Andean quinoa: More costly than you'd expect
By Rachel Chase. November 18, 2013 in PERU THIS WEEK
“The golden grain”:http://www.peruthisweek.com/noticias-de-quinoa-5726?pid=3’s boom has led to conflict and violence In Bolivia and high prices across the region.
Quinoa, the trendy sweetheart food of first world hipsters everywhere, is getting a lot of press these days. 2013 was declared the International Year of Quinoa by the Food and Agriculture Organization of the United States, and offbeat foodies everywhere have taken to quinoa with a surprising enthusiasm.
However, quinoa has become such a premium commodity that it’s becoming unaffordable even for the farmers that grow it. And because of those high prices, Bolivian farmers have become entangled in land disputes that sometimes turn violent.
According the The Guardian, the price of quinoa has tripled since 2006, which has made it an unrealistic candidate for staple food among groups that used to rely on the protein-rich pseudo grain for sustenance. A January investigation by The Guardian revealed that quinoa was more expensive than chicken in Lima.
Speaking to Time magazine, Bolivian farmer Benjamin Huarachi commented on the extreme shift in the world’s perception of quinoa. “Quinoa was always comida para los indios [food for Indians],” said Huarachi, adding “Today it’s food for the world’s richest.”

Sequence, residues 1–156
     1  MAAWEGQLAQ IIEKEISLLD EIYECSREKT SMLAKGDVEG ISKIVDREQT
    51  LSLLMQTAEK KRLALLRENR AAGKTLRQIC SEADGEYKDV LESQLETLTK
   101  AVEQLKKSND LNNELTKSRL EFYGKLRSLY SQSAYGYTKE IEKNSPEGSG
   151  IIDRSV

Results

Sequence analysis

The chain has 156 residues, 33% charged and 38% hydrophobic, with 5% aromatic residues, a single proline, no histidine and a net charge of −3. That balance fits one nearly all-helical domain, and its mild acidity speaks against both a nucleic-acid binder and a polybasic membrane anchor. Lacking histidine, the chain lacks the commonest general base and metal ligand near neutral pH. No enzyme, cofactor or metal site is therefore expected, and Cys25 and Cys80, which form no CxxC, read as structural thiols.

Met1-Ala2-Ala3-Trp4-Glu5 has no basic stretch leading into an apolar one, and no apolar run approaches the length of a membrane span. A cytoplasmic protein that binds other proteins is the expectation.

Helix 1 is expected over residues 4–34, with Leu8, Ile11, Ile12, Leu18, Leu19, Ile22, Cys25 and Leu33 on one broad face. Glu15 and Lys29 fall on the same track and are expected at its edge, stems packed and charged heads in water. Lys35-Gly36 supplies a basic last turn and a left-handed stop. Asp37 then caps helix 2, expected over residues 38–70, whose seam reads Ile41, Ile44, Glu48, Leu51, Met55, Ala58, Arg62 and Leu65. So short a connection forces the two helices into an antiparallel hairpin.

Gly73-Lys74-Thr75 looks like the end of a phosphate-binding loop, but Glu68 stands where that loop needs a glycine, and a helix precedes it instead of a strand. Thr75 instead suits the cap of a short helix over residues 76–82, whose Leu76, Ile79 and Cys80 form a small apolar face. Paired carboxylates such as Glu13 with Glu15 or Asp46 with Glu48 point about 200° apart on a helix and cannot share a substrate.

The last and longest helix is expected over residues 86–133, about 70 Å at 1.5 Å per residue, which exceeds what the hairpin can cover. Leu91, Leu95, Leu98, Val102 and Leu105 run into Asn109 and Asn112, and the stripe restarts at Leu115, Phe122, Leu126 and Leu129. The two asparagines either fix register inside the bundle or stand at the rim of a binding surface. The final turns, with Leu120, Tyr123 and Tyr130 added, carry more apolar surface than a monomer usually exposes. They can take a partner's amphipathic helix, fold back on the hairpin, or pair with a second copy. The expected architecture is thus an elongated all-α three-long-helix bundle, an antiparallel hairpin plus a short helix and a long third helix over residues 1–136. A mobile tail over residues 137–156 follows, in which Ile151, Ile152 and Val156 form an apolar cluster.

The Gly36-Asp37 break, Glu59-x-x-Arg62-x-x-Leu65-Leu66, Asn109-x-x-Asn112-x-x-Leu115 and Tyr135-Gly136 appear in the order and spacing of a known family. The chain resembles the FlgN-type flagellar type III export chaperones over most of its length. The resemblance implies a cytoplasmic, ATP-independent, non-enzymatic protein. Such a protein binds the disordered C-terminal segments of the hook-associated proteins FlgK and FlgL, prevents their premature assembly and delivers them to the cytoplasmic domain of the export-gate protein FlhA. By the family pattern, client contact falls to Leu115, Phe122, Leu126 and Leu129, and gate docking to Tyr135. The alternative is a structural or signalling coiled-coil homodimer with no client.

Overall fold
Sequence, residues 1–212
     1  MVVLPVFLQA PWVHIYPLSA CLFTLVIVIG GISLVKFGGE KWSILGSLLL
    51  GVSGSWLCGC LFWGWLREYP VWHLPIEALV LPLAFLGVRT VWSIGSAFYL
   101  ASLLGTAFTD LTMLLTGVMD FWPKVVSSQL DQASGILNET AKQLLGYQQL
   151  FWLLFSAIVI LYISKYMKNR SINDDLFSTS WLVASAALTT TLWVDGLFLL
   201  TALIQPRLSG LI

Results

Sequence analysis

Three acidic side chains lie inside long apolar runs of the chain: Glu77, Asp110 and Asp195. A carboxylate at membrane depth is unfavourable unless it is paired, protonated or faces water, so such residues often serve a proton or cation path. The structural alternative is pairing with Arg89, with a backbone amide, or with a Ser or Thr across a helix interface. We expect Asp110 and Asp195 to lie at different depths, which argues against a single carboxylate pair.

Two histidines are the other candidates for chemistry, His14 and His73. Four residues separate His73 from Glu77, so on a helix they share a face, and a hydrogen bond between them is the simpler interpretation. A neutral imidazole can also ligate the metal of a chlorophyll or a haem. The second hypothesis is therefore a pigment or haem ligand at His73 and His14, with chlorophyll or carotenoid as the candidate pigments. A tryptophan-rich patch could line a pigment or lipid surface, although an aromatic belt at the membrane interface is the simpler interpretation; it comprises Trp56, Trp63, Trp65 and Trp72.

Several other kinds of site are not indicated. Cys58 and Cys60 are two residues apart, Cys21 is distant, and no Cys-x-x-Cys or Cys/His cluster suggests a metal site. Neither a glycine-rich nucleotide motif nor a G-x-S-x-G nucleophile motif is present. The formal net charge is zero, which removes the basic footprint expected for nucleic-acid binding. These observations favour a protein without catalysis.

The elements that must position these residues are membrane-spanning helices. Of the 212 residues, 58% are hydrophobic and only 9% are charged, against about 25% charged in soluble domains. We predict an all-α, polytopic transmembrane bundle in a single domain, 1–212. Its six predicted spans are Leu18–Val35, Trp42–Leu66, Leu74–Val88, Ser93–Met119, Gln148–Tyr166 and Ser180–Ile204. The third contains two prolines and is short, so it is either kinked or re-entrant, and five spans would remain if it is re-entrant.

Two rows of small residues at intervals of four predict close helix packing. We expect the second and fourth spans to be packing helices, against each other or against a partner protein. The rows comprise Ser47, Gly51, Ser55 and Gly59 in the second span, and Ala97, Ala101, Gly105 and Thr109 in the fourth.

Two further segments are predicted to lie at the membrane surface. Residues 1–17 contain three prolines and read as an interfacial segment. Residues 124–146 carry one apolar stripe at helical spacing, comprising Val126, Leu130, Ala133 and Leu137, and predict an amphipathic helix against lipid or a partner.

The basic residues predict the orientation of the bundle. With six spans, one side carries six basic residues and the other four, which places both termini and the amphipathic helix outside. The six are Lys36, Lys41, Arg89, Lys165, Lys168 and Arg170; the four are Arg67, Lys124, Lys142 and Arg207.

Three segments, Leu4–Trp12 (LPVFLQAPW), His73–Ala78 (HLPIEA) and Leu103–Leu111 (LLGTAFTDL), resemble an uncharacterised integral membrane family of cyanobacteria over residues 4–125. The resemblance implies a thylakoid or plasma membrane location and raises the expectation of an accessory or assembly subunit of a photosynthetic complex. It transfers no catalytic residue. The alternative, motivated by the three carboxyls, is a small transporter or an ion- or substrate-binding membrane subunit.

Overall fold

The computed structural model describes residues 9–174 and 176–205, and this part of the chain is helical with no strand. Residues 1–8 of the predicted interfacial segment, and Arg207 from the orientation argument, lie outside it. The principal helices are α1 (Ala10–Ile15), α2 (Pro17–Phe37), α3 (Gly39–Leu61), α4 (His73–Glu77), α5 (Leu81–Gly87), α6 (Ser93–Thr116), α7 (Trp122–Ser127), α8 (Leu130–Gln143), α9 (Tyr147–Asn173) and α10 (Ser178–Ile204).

Local leader in one of Bolivia’s quinoa-rich regions, Carlos Nina, told Time “Sure, the price of quinoa is increasing, but so are our problems.”
Time reports that land disputes in the area have become common, as farmers try desperately to expand their fields to cultivate more and more quinoa. In February of 2012, one of these disputes turned violent, leading to kidnappings and serious injuries for involved parties. Furthermore, farmers have sold off their llama herds in order to reclaim herding ground as land for growing quinoa. While that doesn’t sound like much of a problem in and of itself, keep in mind that llama manure is one of the best fertilizers for the generally poor soil of the high plains where quinoa flourishes. This has led to worrying environmental problems as farmers deplete the soil in their rush to produce more quinoa.